Literature Study GuidesDemocracy In AmericaVol 2 Part 3 Chapters 11 18 Summary

Democracy in America | Study Guide

Alexis de Tocqueville

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Democracy in America | Vol. 2, Part 3, Chapters 11–18 | Summary

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Summary

Chapter 11: How Equality of Conditions Contributes to Maintaining Good Mores in America

In this chapter, Tocqueville tackles the sensitive topic of marital fidelity, as well as other issues that reflect on a nation's good (or not-so-good) mores. He compares and contrasts the Americans' rigorous insistence on marital fidelity with the dissolute mores of the French aristocracy. He attributes the difference in part to the equality of conditions and the freedom to marry whom one chooses. When political stability returns to France and the French realize all the fruits of democracy, Tocqueville dares to hope for an improvement in the mores of his native country.

Chapter 12: How the Americans Understand the Equality of Man and Woman

Tocqueville begins this chapter with the speculation that democracy, sooner or later, will equalize the currently unequal status of men and women. Tocqueville comments with evident approval on gender roles in 19th-century America. In a typically aphoristic comment, he remarks, "In the United States women are scarcely praised, but it is shown daily that they are esteemed." American respect for women's honor and independence is shown by the severe criminal penalties in America for rape. By contrast, French juries typically display in their laxity both contempt for chastity and contempt for women. Readers of this chapter should recognize that Tocqueville does not mean by "equality of genders" that men and women are identical in their capabilities.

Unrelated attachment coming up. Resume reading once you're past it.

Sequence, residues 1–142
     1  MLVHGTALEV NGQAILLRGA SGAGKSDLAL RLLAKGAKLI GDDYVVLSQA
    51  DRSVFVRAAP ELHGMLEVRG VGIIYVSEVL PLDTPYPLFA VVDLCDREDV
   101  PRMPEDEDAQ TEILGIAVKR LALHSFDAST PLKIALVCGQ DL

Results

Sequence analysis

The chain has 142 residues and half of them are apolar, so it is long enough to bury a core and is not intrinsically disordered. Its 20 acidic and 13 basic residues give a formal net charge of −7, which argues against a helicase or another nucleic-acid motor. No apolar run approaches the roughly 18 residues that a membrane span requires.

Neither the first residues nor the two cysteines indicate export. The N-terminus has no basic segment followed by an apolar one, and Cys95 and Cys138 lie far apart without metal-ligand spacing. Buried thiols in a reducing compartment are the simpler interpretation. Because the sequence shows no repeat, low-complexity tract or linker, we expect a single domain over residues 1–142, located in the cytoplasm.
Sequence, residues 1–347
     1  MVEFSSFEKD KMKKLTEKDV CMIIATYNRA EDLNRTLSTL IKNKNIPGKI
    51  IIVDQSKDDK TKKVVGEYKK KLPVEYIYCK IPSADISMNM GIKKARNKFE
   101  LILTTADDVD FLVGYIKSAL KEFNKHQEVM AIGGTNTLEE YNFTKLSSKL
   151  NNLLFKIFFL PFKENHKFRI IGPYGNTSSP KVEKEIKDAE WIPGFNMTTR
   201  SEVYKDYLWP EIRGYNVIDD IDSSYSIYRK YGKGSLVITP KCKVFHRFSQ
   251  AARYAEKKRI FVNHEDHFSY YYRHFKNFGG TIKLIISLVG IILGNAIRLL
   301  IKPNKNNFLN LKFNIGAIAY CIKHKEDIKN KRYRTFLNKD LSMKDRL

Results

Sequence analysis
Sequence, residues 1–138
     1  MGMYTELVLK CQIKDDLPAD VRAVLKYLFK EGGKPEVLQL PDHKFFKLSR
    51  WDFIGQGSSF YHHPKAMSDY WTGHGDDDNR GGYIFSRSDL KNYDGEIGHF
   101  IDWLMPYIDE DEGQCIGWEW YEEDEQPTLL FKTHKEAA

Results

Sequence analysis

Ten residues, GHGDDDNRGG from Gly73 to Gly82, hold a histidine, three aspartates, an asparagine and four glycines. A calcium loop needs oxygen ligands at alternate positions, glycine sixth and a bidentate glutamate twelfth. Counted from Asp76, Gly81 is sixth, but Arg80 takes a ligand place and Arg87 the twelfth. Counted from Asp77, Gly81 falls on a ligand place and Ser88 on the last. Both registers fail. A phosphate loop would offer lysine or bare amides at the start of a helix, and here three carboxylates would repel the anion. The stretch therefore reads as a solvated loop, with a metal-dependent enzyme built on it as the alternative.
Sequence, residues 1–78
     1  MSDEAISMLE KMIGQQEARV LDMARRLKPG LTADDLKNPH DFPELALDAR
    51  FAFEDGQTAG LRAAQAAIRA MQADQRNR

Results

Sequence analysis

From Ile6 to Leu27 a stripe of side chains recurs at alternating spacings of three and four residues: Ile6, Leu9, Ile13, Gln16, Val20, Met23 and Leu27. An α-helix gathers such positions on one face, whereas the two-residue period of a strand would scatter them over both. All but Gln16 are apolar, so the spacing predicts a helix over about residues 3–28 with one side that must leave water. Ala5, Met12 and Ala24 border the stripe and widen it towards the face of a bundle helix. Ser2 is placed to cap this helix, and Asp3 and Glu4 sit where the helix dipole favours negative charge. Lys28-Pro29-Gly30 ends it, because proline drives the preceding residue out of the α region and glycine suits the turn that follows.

Chapter 13: How Equality Naturally Divides the Americans into a Multitude of Particular Little Societies

Tocqueville devotes this chapter to refuting the unwarranted assumption that democracy results in homogeneity. He asserts that in America society is extremely diverse, with the consequence that numerous distinct, small associations are formed. Americans see themselves as equals from the perspective of citizenship, but they never receive any but a very few as their friends and guests.